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Protestors storm SABEW annual conference

April 28, 2008

A group of protestors from the Service Employees International Union stormed into the Society of American Business Editors and Writers annual conference at lunch Monday to express their displeasure about an appearance by David Rubenstein, co-founder and managing director of the Carlyle Group, a Washington-based private equity firm.

David RubensteinThe protestors actually temporarily disrupted a speech being given by Robert Steel, the U.S. Treasury undersecretary for domestic finance, and not Rubenstein, who was scheduled to speak at 2:15 p.m. The hotel security locked the doors to the room, and the protestors were not allowed in.

Rubenstein went ahead with his keynote presentation, a Q&A with Henny Sender, the private equity reporter at the Financial Times. However, during his presentation, security was placed at the ball room doors, and only SABEW members were allowed in.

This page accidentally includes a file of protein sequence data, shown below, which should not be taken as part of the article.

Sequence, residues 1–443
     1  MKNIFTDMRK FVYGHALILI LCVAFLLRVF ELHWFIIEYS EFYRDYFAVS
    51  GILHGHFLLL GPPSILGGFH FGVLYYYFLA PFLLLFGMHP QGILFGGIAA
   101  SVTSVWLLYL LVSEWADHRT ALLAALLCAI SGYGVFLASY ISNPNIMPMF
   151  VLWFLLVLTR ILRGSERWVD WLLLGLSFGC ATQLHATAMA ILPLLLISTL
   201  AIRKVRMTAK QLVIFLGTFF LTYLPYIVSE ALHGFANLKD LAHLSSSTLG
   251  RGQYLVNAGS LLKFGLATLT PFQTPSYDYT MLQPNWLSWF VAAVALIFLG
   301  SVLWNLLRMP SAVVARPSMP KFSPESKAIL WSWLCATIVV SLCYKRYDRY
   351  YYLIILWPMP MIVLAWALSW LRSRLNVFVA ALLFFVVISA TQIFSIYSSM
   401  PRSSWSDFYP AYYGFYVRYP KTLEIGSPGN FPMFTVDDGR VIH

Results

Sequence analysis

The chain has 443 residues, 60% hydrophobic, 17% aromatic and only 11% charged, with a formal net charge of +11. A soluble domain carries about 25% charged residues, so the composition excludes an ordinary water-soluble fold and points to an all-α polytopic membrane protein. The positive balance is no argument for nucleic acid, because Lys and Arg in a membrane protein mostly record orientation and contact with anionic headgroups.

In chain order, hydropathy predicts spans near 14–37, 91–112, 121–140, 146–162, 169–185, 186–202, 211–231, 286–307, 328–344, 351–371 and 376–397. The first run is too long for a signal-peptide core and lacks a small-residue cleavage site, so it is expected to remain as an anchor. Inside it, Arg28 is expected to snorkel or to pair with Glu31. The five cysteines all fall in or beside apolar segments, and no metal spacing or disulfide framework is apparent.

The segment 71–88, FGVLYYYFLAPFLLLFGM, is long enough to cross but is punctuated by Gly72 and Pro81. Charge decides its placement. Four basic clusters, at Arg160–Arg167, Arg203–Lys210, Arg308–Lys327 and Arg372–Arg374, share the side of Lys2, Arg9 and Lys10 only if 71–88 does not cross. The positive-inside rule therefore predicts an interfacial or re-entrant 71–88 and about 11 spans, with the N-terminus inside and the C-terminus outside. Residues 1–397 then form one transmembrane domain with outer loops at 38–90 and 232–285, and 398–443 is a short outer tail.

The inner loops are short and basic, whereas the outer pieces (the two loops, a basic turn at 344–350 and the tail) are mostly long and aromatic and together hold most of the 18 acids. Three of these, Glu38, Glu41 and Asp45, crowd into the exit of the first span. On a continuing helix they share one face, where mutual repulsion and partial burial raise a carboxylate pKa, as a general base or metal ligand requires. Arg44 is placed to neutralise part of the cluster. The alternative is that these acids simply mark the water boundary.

The union represents nearly 2 million workers in security, health care and janitorial positions, and it’s upset with Carylyle because it wants to organize 60,000 workers at Manor Care, an Ohio-based nursing-home company that Carlyle recently acquired. The union has held similar protests against Rubenstein at other events.

SEIU protestors at SABEWDuring his presentation, Rubenstein discussed the protests, noting they want him to put pressure on Manor Care’s management to improve benefits and to allow them to unionize.

“The theory behind what you saw today…if you can harass or embarrass this person, this person will get of this harrassment or intimidation” and tell Manor Care’s management to do something, said Rubenstein. “I think I am the victim.”

Bernie Kohn, assistant managing editor of business for The Baltimore Sun and SABEW’s incoming president, said that Carlyle had warned SABEW that protestors might show up during Rubenstein’s presentation. SABEW had asked the hotel, the Sheraton Inner Habor, to provide more security, he said.

Some SABEW members had left the Steel presentation and then were unable to return to the ballroom to hear the rest of the speech because of the locked doors.

(Photo by Cliff Cumber, business editor of the Frederick News-Post in Maryland.)

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